Management of sports-related concussion: is research making a difference yet?


Sports-related concussion is currently, arguably, the most heated topic in sports injury prevention. Sensationalist media headlines and stories about the toll of concussive hits, particularly in contact sports, are all-too-common. Recently, during the FIFA Women’s World Cup, we saw this head-knock between Alexandra Popp and Morgan Brian, which once again called into question protocols around the handling of suspected concussion in sports settings.

Concussion is known to be an important issue, and its prevention is of utmost importance for the health and safety of all those who play sport. A recent study monitored the number of people treated in hospital for sport-related concussion over a period of nine years in Victoria, Australia. It showed that more people are being hospitalised for sports-related concussion than in the past, but we don’t know why. We think that better healthcare, more people knowing about concussion and the importance of being monitored for symptoms, as well as changes in the way that sport is played could all have contributed to the increase.

Concussion recognition tools and management guidelines are available freely online: the Sideline Concussion Assessment Tool (SCAT3) and the Child SCAT3  are based on this International Conference on Concussion in Sport consensus statement.

The SCAT3 clearly states:

Any athlete with a suspected concussion should be removed from play, medically assessed, monitored for deterioration (i.e., should not be left alone) and should not drive a motor vehicle until cleared to do so by a medical professional. No athlete diagnosed with concussion should be returned to sports participation on the day of injury.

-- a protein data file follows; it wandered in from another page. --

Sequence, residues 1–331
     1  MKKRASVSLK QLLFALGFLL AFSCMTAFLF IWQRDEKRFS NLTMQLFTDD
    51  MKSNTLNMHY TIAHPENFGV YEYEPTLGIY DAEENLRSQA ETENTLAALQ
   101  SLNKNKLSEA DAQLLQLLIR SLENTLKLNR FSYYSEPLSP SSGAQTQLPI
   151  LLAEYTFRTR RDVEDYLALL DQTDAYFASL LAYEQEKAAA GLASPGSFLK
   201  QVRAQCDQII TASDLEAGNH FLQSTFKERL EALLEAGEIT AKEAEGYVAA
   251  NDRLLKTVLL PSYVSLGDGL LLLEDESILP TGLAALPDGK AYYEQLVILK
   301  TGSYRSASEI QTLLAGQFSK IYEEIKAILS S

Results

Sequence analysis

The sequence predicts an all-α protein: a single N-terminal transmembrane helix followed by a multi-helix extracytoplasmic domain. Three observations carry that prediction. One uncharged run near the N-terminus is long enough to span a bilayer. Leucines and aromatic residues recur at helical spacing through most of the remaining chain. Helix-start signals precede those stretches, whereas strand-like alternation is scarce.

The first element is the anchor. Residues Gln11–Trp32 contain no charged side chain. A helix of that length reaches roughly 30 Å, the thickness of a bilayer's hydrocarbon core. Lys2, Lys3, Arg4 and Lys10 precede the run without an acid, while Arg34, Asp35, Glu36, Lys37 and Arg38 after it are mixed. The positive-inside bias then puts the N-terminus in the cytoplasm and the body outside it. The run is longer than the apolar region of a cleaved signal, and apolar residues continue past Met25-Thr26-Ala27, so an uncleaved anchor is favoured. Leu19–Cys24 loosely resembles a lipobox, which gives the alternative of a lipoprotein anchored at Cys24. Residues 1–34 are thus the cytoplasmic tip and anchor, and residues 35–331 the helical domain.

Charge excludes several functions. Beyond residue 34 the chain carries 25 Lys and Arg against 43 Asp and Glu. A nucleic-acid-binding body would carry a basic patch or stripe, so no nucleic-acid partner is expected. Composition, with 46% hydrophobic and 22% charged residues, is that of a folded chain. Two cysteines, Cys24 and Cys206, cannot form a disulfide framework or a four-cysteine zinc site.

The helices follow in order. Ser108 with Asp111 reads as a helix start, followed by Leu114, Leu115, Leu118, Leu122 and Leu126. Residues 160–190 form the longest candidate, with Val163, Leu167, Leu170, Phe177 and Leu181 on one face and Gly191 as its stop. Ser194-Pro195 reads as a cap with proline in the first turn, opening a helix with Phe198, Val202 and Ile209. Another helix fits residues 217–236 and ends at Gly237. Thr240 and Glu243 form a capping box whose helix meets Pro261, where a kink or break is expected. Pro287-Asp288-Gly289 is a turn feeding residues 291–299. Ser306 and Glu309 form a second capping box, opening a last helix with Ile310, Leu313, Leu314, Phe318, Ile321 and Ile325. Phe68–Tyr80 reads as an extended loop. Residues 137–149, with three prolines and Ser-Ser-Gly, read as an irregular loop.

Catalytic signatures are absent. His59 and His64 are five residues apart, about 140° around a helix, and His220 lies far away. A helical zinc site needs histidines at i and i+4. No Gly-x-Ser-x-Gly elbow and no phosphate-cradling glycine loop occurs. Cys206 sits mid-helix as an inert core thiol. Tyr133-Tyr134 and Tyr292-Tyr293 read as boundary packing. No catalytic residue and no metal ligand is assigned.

Yet, as is shown in the media and on our sports fields, more often than not this advice is not followed. It is true that general knowledge about concussion symptoms is good (and most people now understand that you do not need to be knocked ‘out cold’ to experience concussion), but knowledge about concussion management in sport settings is lagging.

A recent article published in Injury Prevention, An examination of concussion education programmes: a scoping review methodology showed that concussion guidelines effected:

short-term improvements in knowledge, attitudes and behaviours; however, the long-term benefits of concussion education programmes were less clear

It has been found that coaches and sports trainers tasked with concussion management do not yet know how to fully use concussion guidelines, even if they are aware of them being available. They need more education and hands-on practical experience. Asking a player if they want to play on after a head-knock is about as useful as a chocolate teapot. Whilst it may appear a common sense question at first, we just do not know enough about how potentially concussive head-knocks affect individuals, and as such cannot rely on the athlete with potential concussion to make such a call. It is vitally important that concussion management is addressed by sports governing bodies, put into operation by clubs, and handled correctly and ethically by team doctors, coaches, and sports trainers  – for the ultimate welfare of athletes.

Research into the management of sports-related concussion can, and should, do more to effect change. Guidelines are necessary but insufficient. Conceiving injury prevention interventions differently by recognising the unique and nuanced challenges of sports culture – such as the win-at-all-costs attitude, and the celebration of hero-athletes returning to play – within complex sports settings is vital.

*Thanks Reidar Lystad for suggesting the chocolate teapot metaphor on twitter last night.

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